If you have any questions or comments please reach out and give me a call.

Paul L. Merritt, MBA, C(k)P®, AIF®, CRPC®
NTrust Wealth Management

P.S. If you think this type of analysis would be of benefit to anyone you know, please share this communication with them.

Past performance is not indicative of future results and there is no assurance that any forecasts mentioned in this report will be obtained. Technical analysis is just one form of analysis. You may also want to consider quantitative and fundamental analysis before making any investment decisions.

Information in this update has been obtained from and is based upon sources that NTrust Wealth Management (NTWM) believes to be reliable; however, NTWM does not guarantee its accuracy. All opinions and estimates constitute NTWM's judgment as of the date the update was created and are subject to change without notice. This update is for informational purposes only and is not intended as an offer or solicitation for the purchase or sale of a security. Any decision to purchase securities must take into account existing public information on such security or any registered prospectus.
Emerging market investments involve higher risks than investments from developed countries and involve increased risks due to differences in accounting methods, foreign taxation, political instability, and currency fluctuation. The main risks of international investing are currency fluctuations, differences in accounting methods, foreign taxation, economic, political, or financial instability, and lack of timely or reliable information or unfavorable political or legal developments.

The commodities industries can be significantly affected by commodity prices, world events, import controls, worldwide competition, government regulations, and economic conditions. Past performance is no guarantee of future results. These investments may not be suitable for all investors, and there is no guarantee that any investment will be able to sell for a profit in the future. The Dow Jones UBS Commodities Index is composed of futures contracts on physical commodities. This index aims to provide a broadly diversified representation of commodity markets as an asset class. The index represents 19 commodities, which are weighted to account for economic significance and market liquidity. This index cannot be traded directly. The CBOE Volatility Index - more commonly referred to as "VIX" - is an up-to-the-minute market estimate of expected volatility that is calculated by using real-time S&P 500® Index (SPX) option bid/ask quotes. VIX uses nearby and second nearby options with at least 8 days left to expiration and then weights them to yield a constant, 30-day measure of the expected volatility of the S&P 500 Index.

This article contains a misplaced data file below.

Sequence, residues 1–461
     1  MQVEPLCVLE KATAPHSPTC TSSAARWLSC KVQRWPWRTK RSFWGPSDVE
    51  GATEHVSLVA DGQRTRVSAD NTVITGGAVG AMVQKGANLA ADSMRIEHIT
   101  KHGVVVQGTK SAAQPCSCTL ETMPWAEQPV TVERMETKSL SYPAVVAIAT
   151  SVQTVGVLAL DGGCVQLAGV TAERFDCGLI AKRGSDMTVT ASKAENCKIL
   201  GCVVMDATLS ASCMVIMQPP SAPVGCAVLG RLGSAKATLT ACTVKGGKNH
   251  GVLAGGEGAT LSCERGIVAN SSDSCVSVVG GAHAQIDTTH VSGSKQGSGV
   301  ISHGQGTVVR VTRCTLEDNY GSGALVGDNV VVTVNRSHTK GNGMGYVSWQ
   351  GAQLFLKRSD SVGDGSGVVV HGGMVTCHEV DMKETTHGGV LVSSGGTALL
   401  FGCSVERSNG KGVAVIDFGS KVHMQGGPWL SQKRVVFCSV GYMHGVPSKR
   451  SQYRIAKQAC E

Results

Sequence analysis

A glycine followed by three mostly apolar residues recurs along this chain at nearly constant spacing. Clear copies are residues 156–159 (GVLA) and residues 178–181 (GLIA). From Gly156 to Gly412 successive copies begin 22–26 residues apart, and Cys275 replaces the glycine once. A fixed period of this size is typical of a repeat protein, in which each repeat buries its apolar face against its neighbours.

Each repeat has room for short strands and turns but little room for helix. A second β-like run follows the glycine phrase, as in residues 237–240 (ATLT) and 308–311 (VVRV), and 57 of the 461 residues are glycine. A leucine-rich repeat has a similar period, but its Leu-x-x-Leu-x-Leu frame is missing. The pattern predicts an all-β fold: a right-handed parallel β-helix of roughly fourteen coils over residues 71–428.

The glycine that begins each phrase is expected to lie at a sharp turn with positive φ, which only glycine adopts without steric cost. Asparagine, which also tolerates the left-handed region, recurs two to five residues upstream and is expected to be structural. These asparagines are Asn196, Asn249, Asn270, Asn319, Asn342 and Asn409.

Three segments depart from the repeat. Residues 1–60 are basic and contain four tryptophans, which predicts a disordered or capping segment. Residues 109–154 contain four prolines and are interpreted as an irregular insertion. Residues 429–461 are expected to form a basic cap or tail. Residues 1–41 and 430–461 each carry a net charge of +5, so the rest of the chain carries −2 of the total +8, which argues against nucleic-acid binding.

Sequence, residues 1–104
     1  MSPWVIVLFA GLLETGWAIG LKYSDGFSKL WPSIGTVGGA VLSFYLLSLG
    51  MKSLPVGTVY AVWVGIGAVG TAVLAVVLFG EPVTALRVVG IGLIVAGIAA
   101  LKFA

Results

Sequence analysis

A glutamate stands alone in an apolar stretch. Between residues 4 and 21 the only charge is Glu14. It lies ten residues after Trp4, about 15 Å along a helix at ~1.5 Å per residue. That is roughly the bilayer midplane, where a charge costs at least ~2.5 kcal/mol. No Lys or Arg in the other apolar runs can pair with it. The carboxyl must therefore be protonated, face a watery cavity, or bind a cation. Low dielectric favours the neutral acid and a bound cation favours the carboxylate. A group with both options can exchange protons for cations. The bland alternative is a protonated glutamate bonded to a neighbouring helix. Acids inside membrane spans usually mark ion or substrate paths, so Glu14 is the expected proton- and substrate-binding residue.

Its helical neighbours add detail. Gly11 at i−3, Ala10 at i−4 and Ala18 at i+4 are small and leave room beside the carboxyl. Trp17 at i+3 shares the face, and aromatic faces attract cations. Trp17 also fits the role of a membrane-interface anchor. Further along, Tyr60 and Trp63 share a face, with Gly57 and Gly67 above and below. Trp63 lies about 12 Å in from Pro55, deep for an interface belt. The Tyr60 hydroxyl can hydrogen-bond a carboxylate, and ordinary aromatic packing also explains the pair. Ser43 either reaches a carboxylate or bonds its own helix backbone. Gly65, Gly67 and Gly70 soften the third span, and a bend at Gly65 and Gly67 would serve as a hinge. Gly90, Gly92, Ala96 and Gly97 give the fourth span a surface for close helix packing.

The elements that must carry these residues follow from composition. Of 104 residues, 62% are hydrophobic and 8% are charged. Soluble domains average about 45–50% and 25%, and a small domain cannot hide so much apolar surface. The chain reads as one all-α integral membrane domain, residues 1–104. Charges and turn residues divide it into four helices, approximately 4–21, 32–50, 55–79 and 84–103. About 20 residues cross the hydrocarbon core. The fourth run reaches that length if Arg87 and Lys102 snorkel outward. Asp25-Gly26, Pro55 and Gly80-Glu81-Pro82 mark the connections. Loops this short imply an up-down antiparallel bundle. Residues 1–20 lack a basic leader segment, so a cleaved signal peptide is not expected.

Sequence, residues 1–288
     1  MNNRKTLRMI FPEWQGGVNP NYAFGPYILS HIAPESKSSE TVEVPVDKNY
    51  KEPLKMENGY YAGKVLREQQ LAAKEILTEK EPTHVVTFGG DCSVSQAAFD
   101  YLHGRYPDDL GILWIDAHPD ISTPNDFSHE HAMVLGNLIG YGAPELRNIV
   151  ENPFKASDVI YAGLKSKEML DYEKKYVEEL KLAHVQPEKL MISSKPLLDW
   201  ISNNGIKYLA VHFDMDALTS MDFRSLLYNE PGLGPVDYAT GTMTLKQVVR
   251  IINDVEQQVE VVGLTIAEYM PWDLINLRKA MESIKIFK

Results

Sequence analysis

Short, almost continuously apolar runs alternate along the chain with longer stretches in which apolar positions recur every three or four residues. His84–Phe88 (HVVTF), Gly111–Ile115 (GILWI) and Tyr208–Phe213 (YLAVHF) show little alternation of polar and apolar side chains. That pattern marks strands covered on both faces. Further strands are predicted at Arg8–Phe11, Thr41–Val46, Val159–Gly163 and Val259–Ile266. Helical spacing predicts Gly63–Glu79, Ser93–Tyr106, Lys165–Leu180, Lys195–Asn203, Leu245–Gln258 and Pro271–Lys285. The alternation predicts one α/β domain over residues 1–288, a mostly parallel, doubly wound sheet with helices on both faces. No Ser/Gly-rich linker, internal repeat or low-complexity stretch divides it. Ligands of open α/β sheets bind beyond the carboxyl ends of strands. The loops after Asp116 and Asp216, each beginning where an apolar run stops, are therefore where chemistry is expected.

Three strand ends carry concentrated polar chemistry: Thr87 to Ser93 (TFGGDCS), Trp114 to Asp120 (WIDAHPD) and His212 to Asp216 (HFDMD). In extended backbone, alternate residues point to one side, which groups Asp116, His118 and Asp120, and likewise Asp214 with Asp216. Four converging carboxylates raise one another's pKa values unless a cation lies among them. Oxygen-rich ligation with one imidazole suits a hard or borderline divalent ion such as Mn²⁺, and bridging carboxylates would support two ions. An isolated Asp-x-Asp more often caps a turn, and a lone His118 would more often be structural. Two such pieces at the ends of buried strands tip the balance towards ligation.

TIPS are U.S. government securities designed to protect investors and the future value of their fixed-income investments from the adverse effects of inflation. Using the Consumer Price Index (CPI) as a guide, the value of the bond's principal is adjusted upward to keep pace with inflation. Increase in real interest rates can cause the price of inflation-protected debt securities to decrease. Interest payments on inflation-protected debt securities can be unpredictable.
The NYCE US Dollar Index is a measure that calculates the value of the US dollar through a basket of six currencies, the Euro, the Japanese Yen, the British Pound, the Canadian Dollar, the Swedish Krona, and the Swiss franc. The Euro is the predominant currency making up about 57% of the basket.